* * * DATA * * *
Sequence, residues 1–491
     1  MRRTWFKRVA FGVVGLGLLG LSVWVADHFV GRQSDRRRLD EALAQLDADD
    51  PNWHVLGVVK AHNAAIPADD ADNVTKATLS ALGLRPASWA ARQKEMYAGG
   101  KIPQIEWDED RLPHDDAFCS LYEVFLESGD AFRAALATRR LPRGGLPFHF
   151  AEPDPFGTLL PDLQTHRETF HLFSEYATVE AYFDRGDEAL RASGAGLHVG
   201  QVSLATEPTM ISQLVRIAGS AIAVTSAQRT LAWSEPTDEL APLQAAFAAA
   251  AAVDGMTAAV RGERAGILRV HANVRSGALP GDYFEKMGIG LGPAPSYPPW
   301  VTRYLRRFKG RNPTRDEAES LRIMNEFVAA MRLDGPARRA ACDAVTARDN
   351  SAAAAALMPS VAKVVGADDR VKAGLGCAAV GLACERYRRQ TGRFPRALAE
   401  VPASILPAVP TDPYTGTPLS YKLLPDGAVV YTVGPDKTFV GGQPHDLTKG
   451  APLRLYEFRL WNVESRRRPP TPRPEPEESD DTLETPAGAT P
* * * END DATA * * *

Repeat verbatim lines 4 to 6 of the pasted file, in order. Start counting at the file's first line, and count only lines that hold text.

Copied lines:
   101  KIPQIEWDED RLPHDDAFCS LYEVFLESGD AFRAALATRR LPRGGLPFHF
   151  AEPDPFGTLL PDLQTHRETF HLFSEYATVE AYFDRGDEAL RASGAGLHVG
   201  QVSLATEPTM ISQLVRIAGS AIAVTSAQRT LAWSEPTDEL APLQAAFAAA